Soil functions & chemistry
How soil works to keep plants and people healthy
Did you know that there are over four billion micro-organisms in a teaspoon of healthy soil? That's more than the populations of 220 countries combined!
We depend on soil and the soil food web for more than just growing plants. Healthy soil not only provides air, water and nutrients for plants but also serves as nature's environmental protector.
Soil performs many functions
It can serve as a:
- Sponge, soaking up excess rainwater and slowing down excess runoff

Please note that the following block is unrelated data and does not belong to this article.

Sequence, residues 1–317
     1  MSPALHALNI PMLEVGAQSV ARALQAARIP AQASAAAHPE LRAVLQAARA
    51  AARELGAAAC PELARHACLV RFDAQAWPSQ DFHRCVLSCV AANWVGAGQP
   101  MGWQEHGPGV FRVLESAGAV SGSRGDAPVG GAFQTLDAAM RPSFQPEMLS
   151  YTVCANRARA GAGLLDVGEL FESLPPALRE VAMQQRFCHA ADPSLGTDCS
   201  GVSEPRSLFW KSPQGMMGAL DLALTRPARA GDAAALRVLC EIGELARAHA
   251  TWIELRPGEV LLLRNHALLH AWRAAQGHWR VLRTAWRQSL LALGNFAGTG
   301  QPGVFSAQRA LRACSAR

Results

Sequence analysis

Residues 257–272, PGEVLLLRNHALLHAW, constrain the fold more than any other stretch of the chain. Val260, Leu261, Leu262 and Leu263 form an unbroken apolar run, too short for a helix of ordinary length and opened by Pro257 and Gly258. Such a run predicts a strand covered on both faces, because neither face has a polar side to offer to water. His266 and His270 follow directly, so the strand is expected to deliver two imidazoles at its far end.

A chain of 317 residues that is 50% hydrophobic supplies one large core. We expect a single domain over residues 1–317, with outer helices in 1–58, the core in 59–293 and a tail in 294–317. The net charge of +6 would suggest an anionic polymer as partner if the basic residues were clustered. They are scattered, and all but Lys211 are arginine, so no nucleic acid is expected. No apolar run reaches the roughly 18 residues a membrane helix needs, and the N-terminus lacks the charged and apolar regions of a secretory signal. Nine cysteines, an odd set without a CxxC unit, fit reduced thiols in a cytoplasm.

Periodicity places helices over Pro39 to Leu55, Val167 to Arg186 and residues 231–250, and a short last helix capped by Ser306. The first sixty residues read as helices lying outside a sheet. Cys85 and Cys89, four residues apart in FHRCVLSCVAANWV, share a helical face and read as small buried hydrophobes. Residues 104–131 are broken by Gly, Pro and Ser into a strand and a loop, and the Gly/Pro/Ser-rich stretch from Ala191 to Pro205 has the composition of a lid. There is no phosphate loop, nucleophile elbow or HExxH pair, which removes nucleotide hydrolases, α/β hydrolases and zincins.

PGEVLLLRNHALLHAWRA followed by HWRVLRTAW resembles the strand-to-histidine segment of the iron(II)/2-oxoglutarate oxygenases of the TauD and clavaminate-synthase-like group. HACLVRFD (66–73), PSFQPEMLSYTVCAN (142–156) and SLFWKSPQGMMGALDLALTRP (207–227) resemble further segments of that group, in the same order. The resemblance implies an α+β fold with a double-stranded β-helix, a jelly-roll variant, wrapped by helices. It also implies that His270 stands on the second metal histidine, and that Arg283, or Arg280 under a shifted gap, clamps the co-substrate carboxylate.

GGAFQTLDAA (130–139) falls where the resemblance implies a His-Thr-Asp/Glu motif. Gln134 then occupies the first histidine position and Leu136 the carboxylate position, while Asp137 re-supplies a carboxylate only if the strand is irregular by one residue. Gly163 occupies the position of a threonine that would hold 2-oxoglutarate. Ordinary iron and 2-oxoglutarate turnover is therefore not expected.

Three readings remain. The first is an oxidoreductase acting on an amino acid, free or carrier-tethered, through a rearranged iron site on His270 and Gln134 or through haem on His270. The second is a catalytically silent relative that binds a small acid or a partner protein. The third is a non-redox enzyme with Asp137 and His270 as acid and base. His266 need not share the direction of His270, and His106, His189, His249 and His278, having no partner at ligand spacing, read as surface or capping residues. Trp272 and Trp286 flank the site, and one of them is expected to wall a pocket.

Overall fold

- Spigot, turning water flow on and off by storing and releasing water for plants
- Snare, trapping urban pollutants such as oil, metals, and pesticides
- Strainer, filtering and purifying the air and water that percolate through it
- Supermarket, supplying valuable nutrients and antioxidants to plants.
If left undisturbed, native soil can easily perform these functions; but if native soil has been disturbed by construction or the development of roads, houses or shopping malls, it can no longer function properly. The result will be problems with run-off and erosion. Enhancing the quality of poor soil greatly improves our air and water and creates a healthier environment.